Aside from the occasional films that slip below or through the government radar, Chinese cinema appears to often suffer from the same nationalistic self-obsession that gripped Australian cinema in the 1980s, where it seemed every film needed to exalt national identity through rural tales of sheep dogs, criminals, horses, criminals on horses, etc. Rural China is not just a common backdrop for Chinese films but its cultural exponents are a crucial focus for many of its stories. Hua Yao Bride In Shangri-la, while uncommonly a very light film, still has its story entrenched in the rural milieu of the Chinese countryside.
Hua Yao Bride is essentially a film about characters, and not so much about plot, which makes for an unpredictable film-watching experience. While the film adopts some conventional and unadventurous plot structure, the elements themselves are introduced rather haphazardly and some are even left unaddressed and unresolved. But this happens to be a good thing, working positively for the film and lending it a refreshing tone to what could have been a rather bland cinematic experience. Visually, the Yunnanese countryside which forms the backdrop to this story is a stunning part of China and beautiful to look at throughout the film.
Rising star Zhang Jingchu (Seven Swords, Peacock) plays the rebellious Fengmei who is quite obviously the central focus of this film. Her performance won her “Best Newcomer” at China’s Huabiao Awards, which is strange here given that her character comes across a little zealously overacted compared with her more convincing role in Peacock. The film immediately sets her up to be the stubborn but endearing free-spirit but presumes a little too much of its audience in following along with her cute tantrums and ungraceful “commoner” nature which, unfortunately, was a source for most of the humour in the film. While it’s not trying to be a Pretty Woman, the film seems to be trying to invoke that same “Awww… shucks” sentiment from its viewers. Yin Xiaotian, who plays A-Long, does a barely adequate job of playing the husband who finds that he is unable to control either his wife or really much of anything that happens around him. The choice of casting pale-skinned actors in the roles of hard-working villagers did not help towards its sense of realism, unless you prefer your skin tones to be a little more “Bollywood”. It was also difficult to get into the characters’ heads in this film and fully understand their motivations, though apparently getting drunk and dancing on loosely-tiled roofs is the best way to deal with your woes. And why did he pull that TV antenna from his parents’ roof anyway?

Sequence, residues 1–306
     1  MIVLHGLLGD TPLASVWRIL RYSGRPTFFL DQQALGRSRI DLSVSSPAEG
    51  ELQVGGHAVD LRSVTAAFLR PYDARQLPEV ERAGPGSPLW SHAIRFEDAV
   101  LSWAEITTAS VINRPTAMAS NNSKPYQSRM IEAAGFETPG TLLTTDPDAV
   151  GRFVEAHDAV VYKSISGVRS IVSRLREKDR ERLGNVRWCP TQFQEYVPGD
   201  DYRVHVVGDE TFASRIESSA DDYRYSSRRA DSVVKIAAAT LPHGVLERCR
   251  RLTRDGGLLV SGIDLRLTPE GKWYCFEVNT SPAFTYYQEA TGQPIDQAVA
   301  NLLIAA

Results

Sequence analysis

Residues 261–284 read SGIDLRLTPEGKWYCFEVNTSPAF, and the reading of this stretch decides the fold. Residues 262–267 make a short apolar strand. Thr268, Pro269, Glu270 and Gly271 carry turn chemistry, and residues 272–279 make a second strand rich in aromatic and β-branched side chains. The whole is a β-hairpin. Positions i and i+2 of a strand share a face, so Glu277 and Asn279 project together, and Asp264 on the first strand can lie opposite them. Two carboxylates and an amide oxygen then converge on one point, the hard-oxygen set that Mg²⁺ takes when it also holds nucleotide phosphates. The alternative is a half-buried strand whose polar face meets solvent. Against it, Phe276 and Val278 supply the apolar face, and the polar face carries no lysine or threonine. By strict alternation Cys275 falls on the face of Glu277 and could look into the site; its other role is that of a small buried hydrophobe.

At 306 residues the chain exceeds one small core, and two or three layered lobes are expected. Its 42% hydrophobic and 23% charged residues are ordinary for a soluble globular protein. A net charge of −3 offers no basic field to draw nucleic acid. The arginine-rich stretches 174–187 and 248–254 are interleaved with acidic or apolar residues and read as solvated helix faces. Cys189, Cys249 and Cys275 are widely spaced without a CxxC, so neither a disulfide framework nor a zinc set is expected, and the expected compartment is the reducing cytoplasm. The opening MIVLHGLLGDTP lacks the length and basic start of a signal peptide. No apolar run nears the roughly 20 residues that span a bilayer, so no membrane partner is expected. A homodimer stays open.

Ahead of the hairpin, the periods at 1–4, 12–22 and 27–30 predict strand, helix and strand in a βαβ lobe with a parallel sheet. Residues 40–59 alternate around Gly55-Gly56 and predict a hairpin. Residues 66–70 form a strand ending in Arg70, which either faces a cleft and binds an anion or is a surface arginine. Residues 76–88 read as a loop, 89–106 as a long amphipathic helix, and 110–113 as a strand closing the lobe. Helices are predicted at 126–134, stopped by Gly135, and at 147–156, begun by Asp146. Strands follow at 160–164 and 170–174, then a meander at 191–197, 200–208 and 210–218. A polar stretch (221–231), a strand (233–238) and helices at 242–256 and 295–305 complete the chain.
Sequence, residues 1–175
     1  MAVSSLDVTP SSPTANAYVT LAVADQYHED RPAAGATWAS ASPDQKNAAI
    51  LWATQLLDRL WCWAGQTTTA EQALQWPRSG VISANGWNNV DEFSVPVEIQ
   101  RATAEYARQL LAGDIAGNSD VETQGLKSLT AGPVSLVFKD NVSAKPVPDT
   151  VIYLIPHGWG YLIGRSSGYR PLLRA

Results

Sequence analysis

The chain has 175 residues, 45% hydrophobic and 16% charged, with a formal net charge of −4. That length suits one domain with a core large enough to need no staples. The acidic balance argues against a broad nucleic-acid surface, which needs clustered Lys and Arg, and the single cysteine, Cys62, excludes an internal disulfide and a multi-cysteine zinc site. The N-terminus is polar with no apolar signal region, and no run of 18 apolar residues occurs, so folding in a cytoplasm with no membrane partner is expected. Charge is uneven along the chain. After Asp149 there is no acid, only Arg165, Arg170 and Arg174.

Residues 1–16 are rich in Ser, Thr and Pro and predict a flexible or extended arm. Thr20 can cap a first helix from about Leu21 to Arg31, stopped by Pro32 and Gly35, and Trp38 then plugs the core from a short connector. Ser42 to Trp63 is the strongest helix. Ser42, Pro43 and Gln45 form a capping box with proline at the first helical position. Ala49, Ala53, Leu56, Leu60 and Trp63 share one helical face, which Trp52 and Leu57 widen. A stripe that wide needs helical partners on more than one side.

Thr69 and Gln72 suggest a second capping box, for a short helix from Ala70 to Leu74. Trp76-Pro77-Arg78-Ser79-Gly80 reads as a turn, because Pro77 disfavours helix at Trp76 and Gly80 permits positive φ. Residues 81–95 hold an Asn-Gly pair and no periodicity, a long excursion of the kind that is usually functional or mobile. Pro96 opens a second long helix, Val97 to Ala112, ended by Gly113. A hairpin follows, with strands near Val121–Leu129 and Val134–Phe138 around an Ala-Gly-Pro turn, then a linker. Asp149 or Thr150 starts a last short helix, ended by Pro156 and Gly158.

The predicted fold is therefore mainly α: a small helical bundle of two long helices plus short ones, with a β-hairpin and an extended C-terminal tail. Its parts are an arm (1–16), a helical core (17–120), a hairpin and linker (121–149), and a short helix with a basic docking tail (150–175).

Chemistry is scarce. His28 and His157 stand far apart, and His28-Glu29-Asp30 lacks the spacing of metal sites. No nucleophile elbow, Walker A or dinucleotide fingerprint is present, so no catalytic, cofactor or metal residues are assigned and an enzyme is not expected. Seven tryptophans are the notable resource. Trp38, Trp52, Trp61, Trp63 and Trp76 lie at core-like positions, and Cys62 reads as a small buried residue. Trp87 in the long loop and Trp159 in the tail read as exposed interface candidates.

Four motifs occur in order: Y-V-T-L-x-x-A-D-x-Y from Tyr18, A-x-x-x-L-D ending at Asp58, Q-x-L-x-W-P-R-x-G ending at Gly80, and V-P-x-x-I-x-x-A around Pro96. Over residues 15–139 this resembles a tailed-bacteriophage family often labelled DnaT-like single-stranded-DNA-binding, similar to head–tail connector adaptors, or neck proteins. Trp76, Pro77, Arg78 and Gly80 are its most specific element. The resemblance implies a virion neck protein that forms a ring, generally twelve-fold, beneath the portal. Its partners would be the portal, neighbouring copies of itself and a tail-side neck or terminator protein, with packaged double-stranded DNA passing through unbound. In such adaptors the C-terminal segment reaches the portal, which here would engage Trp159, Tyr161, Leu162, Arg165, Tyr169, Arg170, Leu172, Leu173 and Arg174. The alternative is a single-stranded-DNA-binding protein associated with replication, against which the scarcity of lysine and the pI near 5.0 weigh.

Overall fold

Overall, the film feels quite roughly assembled and a little naïve, resulting in the feeling that it was not quite finished. This is not an ambitious film, but its simplicity is part of its escapist charm. It’s a light entertaining love story that also questions the survival of traditional customs in a modern developing China, whose culture is changing more rapidly than any other country in Asia.